The medieval Treasury of the Basel Minster miraculously survived earthquakes, wars, iconoclasm, and the Reformation, only to be dispersed in the early nineteenth century. More than half of its holdings are now in the Historisches Museum Basel, while the remainder are in museum collections all over the world. This book presents more than seventy-five of these splendid ecclesiastical and secular objects from the Basel Minster, dating from the early eleventh through the early sixteenth century, spanning the Early Romanesque period to the Reformation. Most of the works are of gold and silver - many encrusted with precious stones, antique gems, or translucent enamels - but there are also textiles and objects of hardstone, rock crystal, bronze, and wood, including the doors of the original storage cupboards. All are reproduced in full colour and comprehensively discussed. The four essays in the volume focus on the history of medieval Basel and on the function of cathedral treasuries, with particular emphasis on the Basel Treasury and its contents. This beautiful book is the catalogue for an exhibition of objects from the Treasury held at The Metropolitan Museum of Art from 28 February to 27 May 2001
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Basel, Switzerland, is one of the few European towns to have retained a substantial portion of its medieval treasury. When the Protestant Reformation reached the city in 1529, the costly ritual objects used on the high altar of the cathedral were locked away for protection and not seen for three centuries. Many were then auctioned off by the municipal government and the objects scattered in museums and private collections. For a hundred years attempts have been made to bring them back together, culminating in an exhibition at the Metropolitan Museum in New York for which Treasury of the Basel Cathedral is the catalog. A fascinating reconstruction shows how some 70 splendid ecclesiastical and secular objects made of gold and silver, crystal and precious stones would have been arranged in ritually significant positions on the altar. The types of object, the dates at which they entered the treasury, and alterations made to them in antiquity all provide valuable information about medieval life. For example, when the authority of the bishops was challenged after the earthquake of 1356, the number of gifts of reliquaries increased, the divine power invested in them protecting the power of the church. Treasury of Basel Cathedral is a sumptuous presentation and an intriguing story of scholarship, devotion, and detective work. --John StevensonFrom the Publisher:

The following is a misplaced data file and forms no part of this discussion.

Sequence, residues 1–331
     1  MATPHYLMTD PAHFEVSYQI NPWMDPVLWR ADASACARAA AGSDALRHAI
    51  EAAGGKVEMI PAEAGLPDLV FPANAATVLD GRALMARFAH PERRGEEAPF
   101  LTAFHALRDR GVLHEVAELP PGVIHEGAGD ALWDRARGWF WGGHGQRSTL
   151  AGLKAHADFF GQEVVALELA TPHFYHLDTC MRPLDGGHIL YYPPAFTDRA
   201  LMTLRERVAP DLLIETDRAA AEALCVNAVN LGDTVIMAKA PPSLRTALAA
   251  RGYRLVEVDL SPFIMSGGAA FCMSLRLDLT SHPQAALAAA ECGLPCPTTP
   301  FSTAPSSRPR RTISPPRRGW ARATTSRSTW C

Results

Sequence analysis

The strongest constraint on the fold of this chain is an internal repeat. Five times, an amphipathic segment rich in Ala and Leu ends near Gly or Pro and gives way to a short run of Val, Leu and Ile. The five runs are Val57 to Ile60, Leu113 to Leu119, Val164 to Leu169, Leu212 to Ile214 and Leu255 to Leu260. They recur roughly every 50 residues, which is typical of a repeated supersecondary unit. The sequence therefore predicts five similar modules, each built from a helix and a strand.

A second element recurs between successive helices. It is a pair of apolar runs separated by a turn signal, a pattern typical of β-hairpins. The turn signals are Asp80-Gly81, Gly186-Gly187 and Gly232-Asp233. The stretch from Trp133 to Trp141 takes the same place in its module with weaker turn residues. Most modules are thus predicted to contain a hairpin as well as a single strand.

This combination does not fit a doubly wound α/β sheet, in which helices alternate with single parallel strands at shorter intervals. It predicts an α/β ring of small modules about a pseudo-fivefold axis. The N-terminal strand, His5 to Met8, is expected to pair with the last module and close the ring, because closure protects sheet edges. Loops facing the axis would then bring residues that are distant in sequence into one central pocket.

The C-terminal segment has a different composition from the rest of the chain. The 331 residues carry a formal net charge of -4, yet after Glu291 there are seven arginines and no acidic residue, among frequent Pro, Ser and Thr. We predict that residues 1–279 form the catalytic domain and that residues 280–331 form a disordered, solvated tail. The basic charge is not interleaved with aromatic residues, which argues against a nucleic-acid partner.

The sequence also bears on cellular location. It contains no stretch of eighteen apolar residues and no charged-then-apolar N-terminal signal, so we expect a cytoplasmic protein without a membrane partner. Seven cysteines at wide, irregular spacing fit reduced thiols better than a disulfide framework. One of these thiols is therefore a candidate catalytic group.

This beautiful book is the catalogue for an exhibition of objects from the Treasury held at The Metropolitan Museum of Art from 28 February to 27 May 2001.
"About this title" may belong to another edition of this title.
Book Description Metropolitan Museum of Art, 2001. Hardcover. Book Condition: New. book. Bookseller Inventory # M0870999761